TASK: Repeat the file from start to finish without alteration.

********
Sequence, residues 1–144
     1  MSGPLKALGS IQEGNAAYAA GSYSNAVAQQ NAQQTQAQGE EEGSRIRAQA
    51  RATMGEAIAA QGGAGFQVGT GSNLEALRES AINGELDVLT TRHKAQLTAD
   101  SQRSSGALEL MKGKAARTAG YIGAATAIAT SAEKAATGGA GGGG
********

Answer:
Sequence, residues 1–144
     1  MSGPLKALGS IQEGNAAYAA GSYSNAVAQQ NAQQTQAQGE EEGSRIRAQA
    51  RATMGEAIAA QGGAGFQVGT GSNLEALRES AINGELDVLT TRHKAQLTAD
   101  SQRSSGALEL MKGKAARTAG YIGAATAIAT SAEKAATGGA GGGG